AGSM welcomed over 150 alumni and supporters to Leadership in the Age of Innovation, an exclusive half-day conference that brought together some of Australia’s top academics and industry experts to discuss strategies and trends for a rapidly evolving marketplace.
To help prepare executives for the volatile road ahead, AGSM assembled leading academics with expertise in change management, transformation, ethics and diversity, disruption, innovation, and technology. And to help translate the academic to the practical, the conference also featured an industry panel comprised of executives from the startup world, banking, and private investment.
Professor Julie Cogin, Director AGSM & Deputy Dean UNSW Business School, opened the conference.
“Together as a community of thought leaders, we’re here to pre-empt disruption, harness the opportunity that disruption is bringing, and define innovative paths to success, as we enter the age of innovation,” said Cogin.
Professor Wood focused his talk on the ways in which unconscious bias can lead to the establishment of homogenous groups as people seek out information that confirms what they already believe or know.
“There are three different forms of bias,” said Wood. “The one people are most familiar with is confirmation bias – what I like to call the Trump phenomenon. The two lesser known forms of bias, the ones we need to be more conscious of, are affinity bias which means lack of diversity, and availability bias which means we seek answers or new ideas from a limited pool – we don’t cast our net far enough.”
Leaders need to be adaptive in their thinking and actions if they are to successfully overcome bias. Wood also touched upon the importance of creating inclusive teams. According to Wood, the key to inclusion is fostering a sense of belonging amongst the team while team members retain their uniqueness.
UNSW Scientia Professor Veena Sahajwalla, an expert in material science and engineering, spoke about taking the waste from our material lives (cars, electronics, etc.) and turning it into new resources to limit the negative impact on the environment. Doing this requires innovation, she said, as it demands the rethinking of waste, finding its intrinsic value or creating it.
“Simple use of the term 'waste' prevents us from thinking about the energy and resources waste products contain,” explained Sahajwalla. “We're all micro-mine owners of resources stored in waste.”
By focusing on sustainability, Sahajwalla said, companies can future-proof their businesses.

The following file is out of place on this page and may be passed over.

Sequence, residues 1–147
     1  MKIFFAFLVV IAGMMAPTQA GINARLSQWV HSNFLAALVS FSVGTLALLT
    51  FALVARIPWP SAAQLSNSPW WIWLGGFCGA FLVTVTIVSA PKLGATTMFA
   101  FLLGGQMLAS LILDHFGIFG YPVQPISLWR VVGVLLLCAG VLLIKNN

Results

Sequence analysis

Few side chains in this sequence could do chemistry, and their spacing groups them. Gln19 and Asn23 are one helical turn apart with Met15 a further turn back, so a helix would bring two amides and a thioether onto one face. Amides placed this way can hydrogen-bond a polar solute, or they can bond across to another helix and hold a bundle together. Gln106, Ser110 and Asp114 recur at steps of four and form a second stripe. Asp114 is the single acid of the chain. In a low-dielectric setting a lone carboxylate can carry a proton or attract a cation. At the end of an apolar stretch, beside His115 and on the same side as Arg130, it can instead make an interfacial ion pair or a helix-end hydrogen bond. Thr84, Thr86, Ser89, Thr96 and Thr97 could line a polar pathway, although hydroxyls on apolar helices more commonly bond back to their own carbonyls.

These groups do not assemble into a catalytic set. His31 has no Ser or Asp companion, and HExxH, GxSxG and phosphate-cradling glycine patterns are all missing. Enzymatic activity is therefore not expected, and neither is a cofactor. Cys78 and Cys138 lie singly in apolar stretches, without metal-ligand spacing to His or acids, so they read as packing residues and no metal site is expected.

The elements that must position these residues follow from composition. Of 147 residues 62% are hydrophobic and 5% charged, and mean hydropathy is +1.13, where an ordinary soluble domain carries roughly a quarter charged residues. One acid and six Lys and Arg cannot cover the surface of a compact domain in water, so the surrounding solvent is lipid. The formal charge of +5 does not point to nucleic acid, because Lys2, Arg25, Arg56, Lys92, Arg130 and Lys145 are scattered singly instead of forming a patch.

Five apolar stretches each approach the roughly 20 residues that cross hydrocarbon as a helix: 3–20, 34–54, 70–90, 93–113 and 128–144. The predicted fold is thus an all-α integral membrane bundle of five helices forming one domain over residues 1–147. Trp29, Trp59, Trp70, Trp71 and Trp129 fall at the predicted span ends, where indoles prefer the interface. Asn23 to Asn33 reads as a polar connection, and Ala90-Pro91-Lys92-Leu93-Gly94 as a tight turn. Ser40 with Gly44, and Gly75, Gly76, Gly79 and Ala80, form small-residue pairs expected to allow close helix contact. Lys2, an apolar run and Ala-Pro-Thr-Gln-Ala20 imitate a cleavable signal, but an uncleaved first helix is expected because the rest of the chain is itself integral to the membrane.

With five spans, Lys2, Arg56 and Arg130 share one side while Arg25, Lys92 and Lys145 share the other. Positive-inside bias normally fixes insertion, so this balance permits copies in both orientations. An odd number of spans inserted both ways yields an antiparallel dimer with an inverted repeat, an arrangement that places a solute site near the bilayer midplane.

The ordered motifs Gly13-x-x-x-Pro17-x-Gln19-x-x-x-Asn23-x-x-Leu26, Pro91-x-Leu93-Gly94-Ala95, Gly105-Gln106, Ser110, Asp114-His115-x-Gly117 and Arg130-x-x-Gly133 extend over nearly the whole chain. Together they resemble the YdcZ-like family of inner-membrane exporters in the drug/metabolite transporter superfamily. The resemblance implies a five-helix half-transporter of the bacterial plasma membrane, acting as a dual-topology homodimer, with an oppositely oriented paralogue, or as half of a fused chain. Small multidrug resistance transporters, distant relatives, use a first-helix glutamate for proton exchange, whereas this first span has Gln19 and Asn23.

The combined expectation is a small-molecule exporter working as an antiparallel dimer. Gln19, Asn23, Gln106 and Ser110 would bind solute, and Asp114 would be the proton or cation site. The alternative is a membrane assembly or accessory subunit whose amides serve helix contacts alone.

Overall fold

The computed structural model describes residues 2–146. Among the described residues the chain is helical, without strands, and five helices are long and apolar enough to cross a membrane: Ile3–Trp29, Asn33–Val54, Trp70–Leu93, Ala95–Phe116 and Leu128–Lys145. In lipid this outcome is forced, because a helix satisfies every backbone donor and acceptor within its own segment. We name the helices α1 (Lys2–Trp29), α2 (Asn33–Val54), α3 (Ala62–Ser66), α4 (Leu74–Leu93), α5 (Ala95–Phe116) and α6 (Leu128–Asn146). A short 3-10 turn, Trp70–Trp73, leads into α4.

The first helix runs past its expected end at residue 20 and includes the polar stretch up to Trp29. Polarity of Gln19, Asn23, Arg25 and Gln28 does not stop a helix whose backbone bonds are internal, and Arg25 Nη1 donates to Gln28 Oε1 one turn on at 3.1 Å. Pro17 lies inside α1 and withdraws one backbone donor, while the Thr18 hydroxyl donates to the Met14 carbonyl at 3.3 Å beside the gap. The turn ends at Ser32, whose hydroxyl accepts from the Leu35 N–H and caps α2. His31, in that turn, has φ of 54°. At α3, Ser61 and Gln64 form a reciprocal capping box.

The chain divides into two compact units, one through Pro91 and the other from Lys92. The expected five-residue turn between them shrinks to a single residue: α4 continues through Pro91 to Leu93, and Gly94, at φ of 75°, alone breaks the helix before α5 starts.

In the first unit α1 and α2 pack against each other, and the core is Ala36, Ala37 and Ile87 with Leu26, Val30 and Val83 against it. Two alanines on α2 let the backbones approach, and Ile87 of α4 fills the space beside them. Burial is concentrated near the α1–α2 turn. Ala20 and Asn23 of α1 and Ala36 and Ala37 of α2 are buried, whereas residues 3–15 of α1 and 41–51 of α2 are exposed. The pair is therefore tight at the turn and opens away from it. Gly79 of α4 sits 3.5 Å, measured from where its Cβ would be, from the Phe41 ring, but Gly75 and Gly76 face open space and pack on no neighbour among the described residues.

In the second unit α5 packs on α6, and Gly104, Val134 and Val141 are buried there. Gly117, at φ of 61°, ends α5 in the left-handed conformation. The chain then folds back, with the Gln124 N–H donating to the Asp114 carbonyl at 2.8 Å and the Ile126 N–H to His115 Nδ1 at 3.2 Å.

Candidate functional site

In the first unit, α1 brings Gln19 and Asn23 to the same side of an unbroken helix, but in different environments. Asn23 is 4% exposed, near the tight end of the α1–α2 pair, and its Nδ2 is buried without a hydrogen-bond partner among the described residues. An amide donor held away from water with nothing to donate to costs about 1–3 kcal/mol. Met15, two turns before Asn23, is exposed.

AGSM fellow Dr. Jeffery Tobias, building upon the innovation theme, discussed how businesses can change their operating paradigm to reflect a world of disruptive innovation. According to Tobias, companies need to “become comfortable with being uncomfortable”. They need to embrace a less predictable world, accept a higher level of instability, and in adopting this new outlook, identify the threats, opportunities and challenges that lie ahead.
“Unbundle yourself before a startup does it for you,” noted Tobias. “Most companies have ‘antibodies’ fighting innovation and disruption. This needs to change. Companies need to realise what got you here won’t get you there. Stop saying ‘yes but’ and start saying ‘yes and’.”
With opportunities to build an entrepreneurial venture at an all-time high and entry costs low, the marketplace has never been so ripe for disruption Tobias explained.
The conference ended with an industry panel moderated by Samantha Loring, current AGSM MBA student and former CNBC correspondent. The panellists, all UNSW Business School graduates, included Tim Fung (BCom 2006), CEO and Co-founder of AirTasker, Melanie Evans (BCom 1998, MCom 2003, MAcc 2009), General Manager, Service Revolution & Transformation at Westpac, and Julien Playoust (MBA 1996), CEO & Managing Director of AEH Group.
The panel discussion focused on two themes: disruption and innovation. Panellists reflected on the different ways technology was upending their businesses and how, out of this disruption, innovation was possible.
“What we are seeing now is an innovation race between incumbent businesses and startups.” said Playoust. “It is harder to innovate if you are an established company. Startups have the luxury of newness; all the rules haven’t been written. They are still lean and their agility allows them to quickly pivot if the marketplace suddenly changes. An incumbent business has a totally different business model and modus operandi. It’s a real challenge but one that companies must confront.”
As companies face an accelerated change environment, the panellists explored the strategies they are employing to keep pace. Fostering a ‘culture of innovation’ amongst employees was one example of how businesses can respond to change and define it.
“At Westpac we have a staff ideas portal,” explained Evans. “The portal is properly resourced so ideas don’t disappear into the ether. Someone is actually reviewing the ideas that come in and following-up on the ones that have potential to transform a segment of the business.”
The panel ended their discussion by addressing what Australia needs to do to compete in a global innovation-centric economy.
“Australia’s innovation culture is missing the ‘gee-up’ factor,” noted Fung. “Silicon Valley thrives off of a ‘gee-up’ culture. When talent or good ideas are identified there is an energized support structure to help it grow and flourish. Australia lacks this.”
“We need to move beyond the fear of failure as a society,” said Fung, “Without that holding us back Australia’s entrepreneurial future is limitless.”